BRUSSELS (Reuters) - Ireland may need more than the 35 billion euros (30.5 billion pounds) already set aside to recapitalise its banks, several euro zone sources said on Monday, adding that the EU stood ready to provide more if Ireland needed.
Ireland has already set aside 10 billion euros for its over-extended banks and in theory has a further 25 billion available as part of its EU/IMF bailout package to support the sector, but the sources said it may not be sufficient.
“When you are asking your creditors (the EU) for additional efforts and when you are telling them that your situation is actually worse than what justified the original loan, a series of questions emerge,” a senior EU financial source said of Ireland.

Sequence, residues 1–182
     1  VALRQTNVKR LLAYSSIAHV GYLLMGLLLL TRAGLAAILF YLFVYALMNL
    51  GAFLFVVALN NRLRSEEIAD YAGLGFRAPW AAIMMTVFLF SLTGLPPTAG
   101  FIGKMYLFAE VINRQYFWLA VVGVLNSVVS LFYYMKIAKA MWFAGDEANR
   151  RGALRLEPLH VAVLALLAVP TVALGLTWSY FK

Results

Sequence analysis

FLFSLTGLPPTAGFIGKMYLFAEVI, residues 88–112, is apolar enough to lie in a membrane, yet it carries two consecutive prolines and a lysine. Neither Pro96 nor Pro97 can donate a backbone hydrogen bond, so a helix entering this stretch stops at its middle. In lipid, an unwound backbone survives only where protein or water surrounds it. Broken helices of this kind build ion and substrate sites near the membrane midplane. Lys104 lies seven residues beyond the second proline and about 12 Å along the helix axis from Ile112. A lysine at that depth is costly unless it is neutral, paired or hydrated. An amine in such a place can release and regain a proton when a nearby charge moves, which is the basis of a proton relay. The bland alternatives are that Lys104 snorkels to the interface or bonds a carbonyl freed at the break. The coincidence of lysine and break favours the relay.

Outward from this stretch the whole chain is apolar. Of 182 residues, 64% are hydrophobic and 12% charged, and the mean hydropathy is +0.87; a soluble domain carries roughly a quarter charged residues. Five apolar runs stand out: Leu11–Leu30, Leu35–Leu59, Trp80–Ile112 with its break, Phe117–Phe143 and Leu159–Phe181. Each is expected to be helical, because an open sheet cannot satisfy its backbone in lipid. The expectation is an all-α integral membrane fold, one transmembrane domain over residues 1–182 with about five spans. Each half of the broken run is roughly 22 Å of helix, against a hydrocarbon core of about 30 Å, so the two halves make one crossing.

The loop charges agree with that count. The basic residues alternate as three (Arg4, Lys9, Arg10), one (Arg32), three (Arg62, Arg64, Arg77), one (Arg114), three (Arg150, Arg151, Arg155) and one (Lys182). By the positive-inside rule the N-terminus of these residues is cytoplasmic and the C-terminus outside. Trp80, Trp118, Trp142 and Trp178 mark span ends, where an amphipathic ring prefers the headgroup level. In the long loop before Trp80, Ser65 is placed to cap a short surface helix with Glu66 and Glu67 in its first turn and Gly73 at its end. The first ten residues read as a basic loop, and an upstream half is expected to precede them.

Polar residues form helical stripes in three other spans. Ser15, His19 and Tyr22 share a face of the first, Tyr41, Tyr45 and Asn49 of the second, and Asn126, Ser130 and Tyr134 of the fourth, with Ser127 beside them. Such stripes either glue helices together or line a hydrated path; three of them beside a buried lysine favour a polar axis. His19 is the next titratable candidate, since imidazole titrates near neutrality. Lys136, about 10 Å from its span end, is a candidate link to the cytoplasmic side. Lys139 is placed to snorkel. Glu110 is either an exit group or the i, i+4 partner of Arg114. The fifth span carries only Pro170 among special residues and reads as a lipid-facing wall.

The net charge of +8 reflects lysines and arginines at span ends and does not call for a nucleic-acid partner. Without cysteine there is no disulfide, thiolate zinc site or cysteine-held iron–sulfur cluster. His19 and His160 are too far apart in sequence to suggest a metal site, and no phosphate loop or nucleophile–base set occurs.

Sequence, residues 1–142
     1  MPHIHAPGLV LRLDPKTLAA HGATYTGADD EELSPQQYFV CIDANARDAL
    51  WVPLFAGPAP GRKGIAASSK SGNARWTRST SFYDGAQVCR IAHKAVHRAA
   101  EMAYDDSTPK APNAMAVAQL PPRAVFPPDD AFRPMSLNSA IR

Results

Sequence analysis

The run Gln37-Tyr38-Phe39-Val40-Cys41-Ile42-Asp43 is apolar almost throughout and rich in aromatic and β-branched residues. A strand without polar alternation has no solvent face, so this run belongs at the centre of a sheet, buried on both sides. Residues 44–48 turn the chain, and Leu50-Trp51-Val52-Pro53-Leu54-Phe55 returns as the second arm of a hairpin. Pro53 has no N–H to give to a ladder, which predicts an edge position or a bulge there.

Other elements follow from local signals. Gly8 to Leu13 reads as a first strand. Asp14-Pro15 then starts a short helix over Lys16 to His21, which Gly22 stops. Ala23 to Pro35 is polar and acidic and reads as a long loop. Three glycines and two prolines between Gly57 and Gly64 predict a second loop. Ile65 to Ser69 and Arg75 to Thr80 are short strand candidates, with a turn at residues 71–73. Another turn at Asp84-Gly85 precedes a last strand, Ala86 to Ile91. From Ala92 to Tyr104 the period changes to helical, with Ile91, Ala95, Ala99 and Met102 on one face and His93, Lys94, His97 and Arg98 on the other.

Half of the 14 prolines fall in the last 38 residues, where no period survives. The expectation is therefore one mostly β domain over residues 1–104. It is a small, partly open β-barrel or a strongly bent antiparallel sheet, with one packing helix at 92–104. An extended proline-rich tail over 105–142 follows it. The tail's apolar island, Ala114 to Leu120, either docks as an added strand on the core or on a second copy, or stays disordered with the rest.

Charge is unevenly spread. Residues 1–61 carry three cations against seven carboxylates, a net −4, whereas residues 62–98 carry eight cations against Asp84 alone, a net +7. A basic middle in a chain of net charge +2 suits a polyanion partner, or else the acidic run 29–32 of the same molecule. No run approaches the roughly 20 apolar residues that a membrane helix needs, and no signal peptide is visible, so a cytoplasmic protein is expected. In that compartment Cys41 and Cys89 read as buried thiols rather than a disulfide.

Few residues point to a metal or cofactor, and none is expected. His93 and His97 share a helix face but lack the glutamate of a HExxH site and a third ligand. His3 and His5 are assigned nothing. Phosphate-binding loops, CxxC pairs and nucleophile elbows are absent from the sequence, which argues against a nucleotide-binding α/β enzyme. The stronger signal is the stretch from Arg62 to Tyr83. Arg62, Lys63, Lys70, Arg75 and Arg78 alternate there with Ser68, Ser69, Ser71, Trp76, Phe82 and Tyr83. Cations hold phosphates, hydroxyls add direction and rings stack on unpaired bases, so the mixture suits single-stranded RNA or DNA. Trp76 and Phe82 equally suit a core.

“I would remind you that after the last stress tests, Ireland said there was no problem. Four months later, they needed 35 billion euros,” he said.
Another source, an EU diplomat, added: “Everybody has doubts about whether the (existing) programme is sufficient and if there are still more problems with the banks.”
The sources said that if Ireland needed more, the EU stood ready to provide it — as long as Ireland was willing to give more details on the restructuring needs of its banks.
“Without a doubt, if there’s a need for extension to reassure on their financial sustainability, Europe is ready to do its bit,” the first source said.